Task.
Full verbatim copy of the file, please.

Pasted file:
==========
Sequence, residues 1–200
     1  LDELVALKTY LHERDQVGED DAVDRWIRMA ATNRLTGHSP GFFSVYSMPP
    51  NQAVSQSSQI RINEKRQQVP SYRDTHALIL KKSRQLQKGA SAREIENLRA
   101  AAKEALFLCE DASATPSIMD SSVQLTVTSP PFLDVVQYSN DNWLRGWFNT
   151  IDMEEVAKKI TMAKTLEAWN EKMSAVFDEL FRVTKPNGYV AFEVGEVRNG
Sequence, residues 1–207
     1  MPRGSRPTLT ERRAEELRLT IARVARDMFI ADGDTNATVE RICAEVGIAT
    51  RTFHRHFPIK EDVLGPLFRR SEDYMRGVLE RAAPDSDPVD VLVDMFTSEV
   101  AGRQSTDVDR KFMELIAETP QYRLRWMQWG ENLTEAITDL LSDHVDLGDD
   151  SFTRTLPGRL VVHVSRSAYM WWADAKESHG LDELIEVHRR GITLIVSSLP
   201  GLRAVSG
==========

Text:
Sequence, residues 1–200
     1  LDELVALKTY LHERDQVGED DAVDRWIRMA ATNRLTGHSP GFFSVYSMPP
    51  NQAVSQSSQI RINEKRQQVP SYRDTHALIL KKSRQLQKGA SAREIENLRA
   101  AAKEALFLCE DASATPSIMD SSVQLTVTSP PFLDVVQYSN DNWLRGWFNT
   151  IDMEEVAKKI TMAKTLEAWN EKMSAVFDEL FRVTKPNGYV AFEVGEVRNG
Sequence, residues 1–207
     1  MPRGSRPTLT ERRAEELRLT IARVARDMFI ADGDTNATVE RICAEVGIAT
    51  RTFHRHFPIK EDVLGPLFRR SEDYMRGVLE RAAPDSDPVD VLVDMFTSEV
   101  AGRQSTDVDR KFMELIAETP QYRLRWMQWG ENLTEAITDL LSDHVDLGDD
   151  SFTRTLPGRL VVHVSRSAYM WWADAKESHG LDELIEVHRR GITLIVSSLP
   201  GLRAVSG